Monday, December 14, 2015

Duality in Random Matrix Theory

I provide examples of a duality between the Gaussian symplectic ensemble and the Gaussian orthogonal ensemble.
For example, in the Gaussian symplectic ensemble (GSE), one can calculate the following expectation values: \begin{align*} \mathbb{E}[ \mathrm{tr} 1 ] &= 2 n\\ \mathbb{E}[ \mathrm{tr} (H^{2}) ] &= n (2 n-1)\\ \mathbb{E}[ \mathrm{tr} (H^{4}) ] &= \frac{1}{2} n \left(8 n^2-10 n+5\right)\\ \mathbb{E}[ \mathrm{tr} (H^{6}) ] &= \frac{1}{4} n \left(40 n^3-88 n^2+104 n-41\right)\\ \mathbb{E}[ \mathrm{tr} (H^{8}) ] &= 28 n^5-93 n^4+187 n^3-\frac{345 n^2}{2}+\frac{509 n}{8}\\ \mathbb{E}[ \mathrm{tr} (H^{10}) ] &=\frac{1}{16} n \left(1344 n^5-6176 n^4+18320 n^3-28600 n^2+24286 n-8229\right)\\ \mathbb{E}[ \mathrm{tr} (H^{12}) ] &=\frac{1}{32} n \left(8448 n^6-50752 n^5+204768 n^4-470080 n^3+668592 n^2-516958 n+166377\right) \end{align*} In a previous blog post I calculated these expectation values in the Gaussian orthogonal ensemble (GOE): \begin{align*} \mathbb{E}[ \mathrm{tr} 1 ] &= 2 n\\ \mathbb{E}[ \mathrm{tr} (H^{2}) ] &= n (2 n+1)\\ \mathbb{E}[ \mathrm{tr} (H^{4}) ] &= \frac{1}{2} n \left(8 n^2+10 n+5\right)\\ \mathbb{E}[ \mathrm{tr} (H^{6}) ] &= \frac{1}{4} n \left(40 n^3+88 n^2+104 n+41\right)\\ \mathbb{E}[ \mathrm{tr} (H^{8}) ] &= 28 n^5+93 n^4+187 n^3+\frac{345 n^2}{2}+\frac{509 n}{8}\\ \mathbb{E}[ \mathrm{tr} (H^{10}) ] &=\frac{1}{16} n \left(1344 n^5+6176 n^4+18320 n^3+28600 n^2+24286 n+8229\right)\\ \mathbb{E}[ \mathrm{tr} (H^{12}) ] &=\frac{1}{32} n \left(8448 n^6+50752 n^5+204768 n^4+470080 n^3+668592 n^2+516958 n+166377\right) \end{align*} If one formally replaces \( n \) by \( -n \) in the expectation values in the GSE, one gets the expectation values in the GOE (up to sign). With a formula one can write \begin{equation} \mathbb{E}[ \mathrm{tr} (H^{2 p}) ]_{\mathrm{GSE}(2n)} =(-1)^{p+1} \mathbb{E}[ \mathrm{tr} (H^{2 p}) ] _{\mathrm{GOE}(-2n)} \end{equation} This is a duality between the Gaussian orthogonal ensemble and the Gaussian symplectic ensemble. I find this a bizarre formula because the natural interpretation of the right hand side seems to involve matrices of "negative dimension". Nevertheless, this connection between the orthogonal group and the symplectic group shows up in various places in mathematics and physics. For example, one has proven that \( Sp(2N) \) and \( SO(−2N) \) gauge theories are equivalent (see reference below).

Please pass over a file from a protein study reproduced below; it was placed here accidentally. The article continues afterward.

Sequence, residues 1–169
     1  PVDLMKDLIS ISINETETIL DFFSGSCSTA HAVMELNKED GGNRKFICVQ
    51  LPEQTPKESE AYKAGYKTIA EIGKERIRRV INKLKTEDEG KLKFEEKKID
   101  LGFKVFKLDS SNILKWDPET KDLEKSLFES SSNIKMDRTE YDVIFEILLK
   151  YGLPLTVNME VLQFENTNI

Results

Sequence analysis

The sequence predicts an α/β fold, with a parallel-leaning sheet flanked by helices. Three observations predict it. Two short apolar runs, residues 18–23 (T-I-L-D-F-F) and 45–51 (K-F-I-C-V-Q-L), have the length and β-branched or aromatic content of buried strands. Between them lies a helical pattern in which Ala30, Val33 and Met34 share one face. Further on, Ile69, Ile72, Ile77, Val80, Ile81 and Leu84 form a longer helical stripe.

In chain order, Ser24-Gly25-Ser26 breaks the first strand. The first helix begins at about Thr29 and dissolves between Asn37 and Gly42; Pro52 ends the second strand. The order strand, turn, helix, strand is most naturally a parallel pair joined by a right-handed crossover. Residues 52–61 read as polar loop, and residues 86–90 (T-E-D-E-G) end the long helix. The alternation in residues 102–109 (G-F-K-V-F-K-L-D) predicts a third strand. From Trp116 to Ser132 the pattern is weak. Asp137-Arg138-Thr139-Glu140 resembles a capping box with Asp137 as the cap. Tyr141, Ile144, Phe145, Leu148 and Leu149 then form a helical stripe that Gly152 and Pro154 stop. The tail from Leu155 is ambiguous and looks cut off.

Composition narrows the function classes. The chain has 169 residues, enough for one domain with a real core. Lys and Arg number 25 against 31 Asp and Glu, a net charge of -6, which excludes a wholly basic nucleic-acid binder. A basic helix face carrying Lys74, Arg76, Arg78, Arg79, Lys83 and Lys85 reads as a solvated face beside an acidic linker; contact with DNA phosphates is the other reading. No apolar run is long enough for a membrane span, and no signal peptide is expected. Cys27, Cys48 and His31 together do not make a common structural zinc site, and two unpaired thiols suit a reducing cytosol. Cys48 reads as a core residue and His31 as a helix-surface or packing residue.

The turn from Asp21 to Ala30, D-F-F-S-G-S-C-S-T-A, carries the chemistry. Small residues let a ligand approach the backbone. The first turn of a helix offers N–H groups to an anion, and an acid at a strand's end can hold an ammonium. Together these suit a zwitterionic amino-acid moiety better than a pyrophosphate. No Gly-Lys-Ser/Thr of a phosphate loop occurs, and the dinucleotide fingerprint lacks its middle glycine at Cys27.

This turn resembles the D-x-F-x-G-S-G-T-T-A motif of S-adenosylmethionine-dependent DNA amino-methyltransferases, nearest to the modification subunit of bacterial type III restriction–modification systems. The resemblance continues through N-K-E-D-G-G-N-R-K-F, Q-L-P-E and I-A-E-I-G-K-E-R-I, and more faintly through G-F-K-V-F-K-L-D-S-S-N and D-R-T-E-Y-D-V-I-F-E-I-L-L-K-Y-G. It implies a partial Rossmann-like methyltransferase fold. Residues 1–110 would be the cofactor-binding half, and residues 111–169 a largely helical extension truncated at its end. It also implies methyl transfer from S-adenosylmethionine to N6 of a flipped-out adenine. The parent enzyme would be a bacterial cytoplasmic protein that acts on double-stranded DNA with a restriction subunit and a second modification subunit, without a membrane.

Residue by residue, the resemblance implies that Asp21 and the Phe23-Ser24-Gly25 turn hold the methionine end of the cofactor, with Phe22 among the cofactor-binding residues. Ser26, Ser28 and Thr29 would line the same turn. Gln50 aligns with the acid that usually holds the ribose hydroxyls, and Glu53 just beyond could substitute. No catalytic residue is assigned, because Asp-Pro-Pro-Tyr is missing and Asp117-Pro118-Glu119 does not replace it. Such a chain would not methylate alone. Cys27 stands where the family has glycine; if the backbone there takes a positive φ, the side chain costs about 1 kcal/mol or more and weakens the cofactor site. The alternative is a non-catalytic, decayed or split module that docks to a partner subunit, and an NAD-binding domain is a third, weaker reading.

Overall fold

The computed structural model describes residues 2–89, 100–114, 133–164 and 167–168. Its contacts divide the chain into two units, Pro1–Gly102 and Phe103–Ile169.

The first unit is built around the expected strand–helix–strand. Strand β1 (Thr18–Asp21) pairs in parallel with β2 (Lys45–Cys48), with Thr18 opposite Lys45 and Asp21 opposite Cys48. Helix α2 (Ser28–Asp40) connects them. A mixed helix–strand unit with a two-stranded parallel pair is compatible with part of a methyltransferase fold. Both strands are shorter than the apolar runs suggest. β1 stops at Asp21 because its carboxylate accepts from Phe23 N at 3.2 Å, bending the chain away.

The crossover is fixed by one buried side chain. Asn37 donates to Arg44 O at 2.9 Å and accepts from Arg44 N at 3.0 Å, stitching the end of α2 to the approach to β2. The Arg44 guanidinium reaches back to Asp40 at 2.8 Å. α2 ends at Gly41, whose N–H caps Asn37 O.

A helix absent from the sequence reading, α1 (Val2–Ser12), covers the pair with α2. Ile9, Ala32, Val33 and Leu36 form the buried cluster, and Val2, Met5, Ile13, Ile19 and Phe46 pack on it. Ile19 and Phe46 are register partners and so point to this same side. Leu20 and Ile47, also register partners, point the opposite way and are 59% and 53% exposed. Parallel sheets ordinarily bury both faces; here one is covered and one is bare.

Similary, I can calculate expectation values in the Gaussian unitary ensemble: \begin{align*} \mathbb{E}[ \mathrm{tr} (H^{2}) ] &= n^2\\ \mathbb{E}[ \mathrm{tr} (H^{4}) ] &= 2 n^3+n\\ \mathbb{E}[ \mathrm{tr} (H^{6}) ] &= 5 n^2 \left(n^2+2\right)\\ \mathbb{E}[ \mathrm{tr} (H^{8}) ] &= 7 n \left(2 n^4+10 n^2+3\right)\\ \mathbb{E}[ \mathrm{tr} (H^{10}) ] &=84 n^2 \left(32 n^4+80 n^2+23\right)\\ \mathbb{E}[ \mathrm{tr} (H^{12}) ] &=66 n \left(256 n^6+1120 n^4+784 n^2+45\right)\\ \end{align*} Now one sees that the expectation values are invariant (up to sign) under the transformation \( n \mapsto -n \). With a formula \begin{equation} \mathbb{E}[ \mathrm{tr} (H^{2 p}) ]_{\mathrm{GUE}(n)} =(-1)^{p+1} \mathbb{E}[ \mathrm{tr} (H^{2 p}) ] _{\mathrm{GUE}(-n)} \end{equation} One could say that the Gaussian unitary ensemble is self-dual.

Further comments and links:

No comments:

Post a Comment